Now things that were designed to change together are fine. You aren’t destroying carefully built separations when you use them together. See Java 8 streams,= JOOQ,= and StringBuilder.=

Demeter= tells you to talk to your friends. Not friends of friends. Demeters formal rules are one way to define your friends. Being explicitly told by the designers who your friends are is another. And so is sitting around talking to yourself=. Don’t call it a violation unless you’ve checked what you’re really talking to.

  • "A gross over-simplification if you’re willing to be rude about it." Hmm. I don't consider that terribly rude. I can think of much ruder things that would be completely fair. That claim demonstrates a pretty superficial understanding.
    – JimmyJames
    Nov 15, 2022 at 20:09
  • 1
    @JimmyJames I presume by claim you mean the quote from Wikipedia. I've come to think of that as yet another manifestation of structural thinking. The sort of thinking that would value syntax while ignoring semantics. Reaching for any rule that allows you to avoid using judgement. Zero tolerance over responsibility. Because thinking is too hard. Nov 15, 2022 at 21:48
  • That's a bit deeper than I was thinking. I see a confused understanding. If you literally follow that advice, something like this is a violation: getName().toUpper() which would be resolved by assigning the name to variable, then no two dots and no violation. It makes sense in a very narrow and unsophisticated approach but other than that, it's nonsense.
    – JimmyJames
    Nov 16, 2022 at 15:33
  • @JimmyJames The saving grace in your example is that String is everybody's friend and no one's changing it. Demeter guards against adding knowledge of non-friends. That's why I tell the story of the delver who randomly chains together whatever they find leaving the code base a tangled mess because now everything knows everything and cares if you change it. It's nice when the search for things impacted by a change has a depth limit. Nov 16, 2022 at 17:58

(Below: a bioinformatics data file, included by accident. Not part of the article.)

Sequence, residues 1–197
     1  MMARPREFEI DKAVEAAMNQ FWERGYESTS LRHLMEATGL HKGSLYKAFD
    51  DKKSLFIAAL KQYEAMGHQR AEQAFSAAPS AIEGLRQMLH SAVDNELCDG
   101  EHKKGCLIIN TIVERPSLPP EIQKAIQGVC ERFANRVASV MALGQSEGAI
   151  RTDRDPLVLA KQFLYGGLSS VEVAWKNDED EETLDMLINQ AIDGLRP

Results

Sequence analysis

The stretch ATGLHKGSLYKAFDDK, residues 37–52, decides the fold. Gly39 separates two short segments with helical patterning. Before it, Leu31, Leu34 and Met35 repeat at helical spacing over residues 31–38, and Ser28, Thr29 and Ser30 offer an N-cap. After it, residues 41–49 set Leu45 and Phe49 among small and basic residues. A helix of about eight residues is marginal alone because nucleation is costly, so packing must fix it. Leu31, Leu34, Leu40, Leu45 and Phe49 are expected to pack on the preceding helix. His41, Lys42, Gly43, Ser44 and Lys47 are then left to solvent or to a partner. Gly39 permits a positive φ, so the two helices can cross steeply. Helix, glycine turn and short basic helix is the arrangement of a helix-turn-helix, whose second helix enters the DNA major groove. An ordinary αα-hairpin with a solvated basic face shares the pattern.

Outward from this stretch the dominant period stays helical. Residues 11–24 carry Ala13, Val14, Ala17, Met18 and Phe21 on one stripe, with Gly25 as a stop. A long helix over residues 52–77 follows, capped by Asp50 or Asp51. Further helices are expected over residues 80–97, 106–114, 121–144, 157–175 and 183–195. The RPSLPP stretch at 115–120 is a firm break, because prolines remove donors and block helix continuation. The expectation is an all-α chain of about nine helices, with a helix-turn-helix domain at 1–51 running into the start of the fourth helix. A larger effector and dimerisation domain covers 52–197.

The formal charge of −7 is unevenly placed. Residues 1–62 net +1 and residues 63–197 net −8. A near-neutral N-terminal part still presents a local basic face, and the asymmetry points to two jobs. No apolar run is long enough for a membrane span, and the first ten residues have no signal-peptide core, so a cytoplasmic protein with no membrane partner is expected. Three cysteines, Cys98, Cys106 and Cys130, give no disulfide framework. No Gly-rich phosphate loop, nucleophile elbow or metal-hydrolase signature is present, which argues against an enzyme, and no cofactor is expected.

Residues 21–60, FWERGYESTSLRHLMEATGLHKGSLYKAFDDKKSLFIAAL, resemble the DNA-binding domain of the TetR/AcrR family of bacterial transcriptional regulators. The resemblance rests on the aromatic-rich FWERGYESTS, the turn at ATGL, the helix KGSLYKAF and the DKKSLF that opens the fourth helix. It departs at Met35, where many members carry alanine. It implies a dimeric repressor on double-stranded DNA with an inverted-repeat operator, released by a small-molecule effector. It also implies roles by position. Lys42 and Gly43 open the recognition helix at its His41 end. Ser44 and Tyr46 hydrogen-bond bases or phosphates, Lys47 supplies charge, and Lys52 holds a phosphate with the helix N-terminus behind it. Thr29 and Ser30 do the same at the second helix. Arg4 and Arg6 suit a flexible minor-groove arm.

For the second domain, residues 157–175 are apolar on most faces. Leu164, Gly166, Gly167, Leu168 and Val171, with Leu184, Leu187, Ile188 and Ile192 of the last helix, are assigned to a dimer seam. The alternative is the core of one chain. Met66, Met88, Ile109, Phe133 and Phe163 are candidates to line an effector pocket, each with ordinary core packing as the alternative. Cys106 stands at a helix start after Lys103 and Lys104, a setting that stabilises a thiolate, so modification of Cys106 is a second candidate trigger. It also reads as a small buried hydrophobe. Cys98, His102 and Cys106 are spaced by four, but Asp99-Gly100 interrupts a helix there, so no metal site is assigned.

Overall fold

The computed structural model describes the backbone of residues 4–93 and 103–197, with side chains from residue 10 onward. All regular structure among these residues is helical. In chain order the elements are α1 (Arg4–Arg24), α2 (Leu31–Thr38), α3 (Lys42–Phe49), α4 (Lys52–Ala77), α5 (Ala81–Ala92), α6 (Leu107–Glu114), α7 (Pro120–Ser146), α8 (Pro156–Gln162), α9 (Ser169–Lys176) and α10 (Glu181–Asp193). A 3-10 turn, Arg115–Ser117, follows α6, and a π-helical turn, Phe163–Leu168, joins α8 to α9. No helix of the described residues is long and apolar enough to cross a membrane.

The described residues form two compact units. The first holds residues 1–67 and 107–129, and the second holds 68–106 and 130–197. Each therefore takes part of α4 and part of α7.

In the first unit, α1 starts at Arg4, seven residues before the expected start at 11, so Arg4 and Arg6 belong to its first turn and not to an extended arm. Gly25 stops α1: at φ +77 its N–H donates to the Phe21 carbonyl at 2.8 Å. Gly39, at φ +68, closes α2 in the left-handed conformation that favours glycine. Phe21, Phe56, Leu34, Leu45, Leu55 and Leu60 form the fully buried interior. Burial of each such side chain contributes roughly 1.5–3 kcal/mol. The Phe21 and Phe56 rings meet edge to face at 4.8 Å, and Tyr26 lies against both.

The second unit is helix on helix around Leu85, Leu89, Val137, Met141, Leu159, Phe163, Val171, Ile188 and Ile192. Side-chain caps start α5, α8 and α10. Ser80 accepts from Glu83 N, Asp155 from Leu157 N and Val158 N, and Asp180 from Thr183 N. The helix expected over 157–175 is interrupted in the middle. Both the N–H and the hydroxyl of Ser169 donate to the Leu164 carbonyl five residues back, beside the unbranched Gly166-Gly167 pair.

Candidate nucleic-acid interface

• My understanding is that the law means you should not create dependencies on the dependencies of your dependencies, if that makes sense. If your idea of OO is loads of getter-setter property bags, then 'no two dots' makes some sense. But 'real' OO with factory methods, collections, closures, proxy objects, and what not, it's just silly. The way to prevent other things from not depending on your dependencies is to not expose them in the first place. If you are working with an API that does that, 'no two dots' is unlikely to help you anyway: you usually have no choice but to use them.
    – JimmyJames
    Nov 16, 2022 at 18:41

To violate Demeter's law, you start with an object x, then get an object y from x (by calling a method or reading a property or attribute of x), then get an object z from y, and so on, and use the last object to do the actual work.

The reason why this is considered bad is because it exposes that x can give you y, that y can give you z, and so on. Often it would be better if x had a method that does what you want to achieve.

But what you do here is different: You start with x. Then you call a method that does something and by convention returns the same x. Then you call another method on x doing the same. You do this by using the return value of the first method, but you could have just used the same x again. It's just that this pattern allows you to call any number of methods on the same object. That is shorter and more readable than using the same object again and again. Also, if you want to call the same ten methods on x, then on y, then your source code for doing this will be identical except the very first x gets changed to y in your source code.

The pattern is fine as long as the method name doesn't indicate that it returns an object, but what action it produces on the object. With Demeter's law violations, the methods that you call would be named to make the caller know which object is returned. (At least I hope its named that way, or Demeter is not your biggest problem).

PS. What's the problem with person.getWallet().removeMoney()? Just assume class Person gets a new property getBankaccount(). And suddenly the rules how to get money from the person get difficult. Consider for example that I want to buy an item but not if it means overdrawing my bank account. But there are other payments that I must make, even if I get overdrawn. Or a rule for taking money out of my wallet: I always want a pound coin in my wallet which you need in the UK to get a shopping trolley. So normally you can't take that last pound coin. Except when I need it to get a trolley.

So that's all rules that the Person object should understand, but not the caller. On the other hand Person could have a member "finances" which handles everything about money. So person.getFinances().getMoney could be Ok.